Text study for Matthew 22:1-14
Lectionary texts for October 9, 2011
“‘Go therefore into the main streets, and invite everyone you find to the wedding banquet.’ Those slaves went out into the streets and gathered all whom they found, both good and bad; so the wedding hall was filled with guests.
“But when the king came in to see the guests, he noticed a man there who was not wearing a wedding robe, and he said to him, ‘Friend, how did you get in here without a wedding robe?’ And he was speechless. Then the king said to the attendants, ‘Bind him hand and foot, and throw him into the outer darkness, where there will be weeping and gnashing of teeth.’”
What? This man got dragged in off the street and was then thrown out to a fate worse than death simply because he didn’t have the right clothes on?
Before we answer that question, let’s look back to see why Jesus is telling this story in the first place and to whom. Jesus has just entered Jerusalem triumphantly. This is Christ’s last week of life and he knows it.
He has already gone all “Indiana Jones” in the temple, kicking over the tables and brandishing a bullwhip. He’s told three consecutive parables having to do with workers in the vineyard (nicely, our last three Gospel readings). Why?
The Pharisees challenged his authority and were plotting against him. Whenever Jesus brings up “weeping and gnashing of teeth,” he’s almost exclusively trying to teach the Pharisees a lesson. Hell on the lips of Jesus is a slap in the face of those who think they can make it into the kingdom on their own.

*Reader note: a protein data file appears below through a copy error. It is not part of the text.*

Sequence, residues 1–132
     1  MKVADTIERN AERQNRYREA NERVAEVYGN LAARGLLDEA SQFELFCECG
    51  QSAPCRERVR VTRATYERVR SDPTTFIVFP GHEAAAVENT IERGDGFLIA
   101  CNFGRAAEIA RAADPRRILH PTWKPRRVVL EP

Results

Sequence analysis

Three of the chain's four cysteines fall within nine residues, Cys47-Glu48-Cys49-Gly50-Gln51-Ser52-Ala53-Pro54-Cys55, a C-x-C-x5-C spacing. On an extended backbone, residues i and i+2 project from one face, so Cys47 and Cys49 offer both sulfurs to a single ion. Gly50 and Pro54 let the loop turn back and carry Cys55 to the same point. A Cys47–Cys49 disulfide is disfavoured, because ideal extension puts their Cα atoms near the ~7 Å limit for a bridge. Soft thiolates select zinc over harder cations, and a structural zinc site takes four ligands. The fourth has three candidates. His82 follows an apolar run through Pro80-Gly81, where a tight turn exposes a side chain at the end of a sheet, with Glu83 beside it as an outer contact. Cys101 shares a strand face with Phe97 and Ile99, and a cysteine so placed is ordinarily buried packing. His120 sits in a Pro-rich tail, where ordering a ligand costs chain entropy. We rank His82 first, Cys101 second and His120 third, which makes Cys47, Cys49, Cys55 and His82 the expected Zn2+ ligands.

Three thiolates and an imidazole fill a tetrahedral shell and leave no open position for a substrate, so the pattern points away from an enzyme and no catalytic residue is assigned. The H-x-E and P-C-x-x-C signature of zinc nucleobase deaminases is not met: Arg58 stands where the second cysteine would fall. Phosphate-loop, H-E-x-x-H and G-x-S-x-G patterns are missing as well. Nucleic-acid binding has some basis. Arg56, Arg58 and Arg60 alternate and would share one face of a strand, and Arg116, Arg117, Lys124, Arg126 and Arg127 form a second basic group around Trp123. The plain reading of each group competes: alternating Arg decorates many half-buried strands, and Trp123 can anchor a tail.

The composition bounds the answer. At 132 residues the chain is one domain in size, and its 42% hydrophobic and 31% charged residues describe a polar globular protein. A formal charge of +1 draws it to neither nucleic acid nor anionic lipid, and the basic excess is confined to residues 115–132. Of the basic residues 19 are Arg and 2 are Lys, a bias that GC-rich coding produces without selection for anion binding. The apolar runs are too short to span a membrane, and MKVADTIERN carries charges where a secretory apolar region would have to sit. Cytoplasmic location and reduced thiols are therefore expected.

Dressed by God
Back to the garment.
I once read a commentary on this text that said the garment was a baptismal robe. They were literally handing them out at the door.
Paul describes it this way to the church in Colosse, “So, chosen by God for this new life of love, dress in the wardrobe God picked out for you: compassion, kindness, humility, quiet strength, discipline. Be even-tempered, content with second place, quick to forgive an offense. Forgive as quickly and completely as the Master forgave you. And regardless of what else you put on, wear love. It’s your basic, all-purpose garment. Never be without it.”
And so, we are all given a robe to wear by the grace of God in Christ. Do you wear your baptismal robe daily? Does the love of God which enfolds you radiate in all that you say and do? After all, love makes the kingdom unfold.
- Are there times when you hide your identity as child of God? Why?
- How is your everyday life transformed when you boldly wear the grace God gives to you? Where does that grace extend to others? How does that grace change your attitudes, your life, your work?
- How are you challenged by the parable that makes a point to say that everyone is invited to the banquet, good and bad?
Matthew Martin was a youth worker and ELCA pastor for 17 years in Minnesota, Illinois and Massachusetts before becoming regional manager of New England for Outreach, a non-profit program.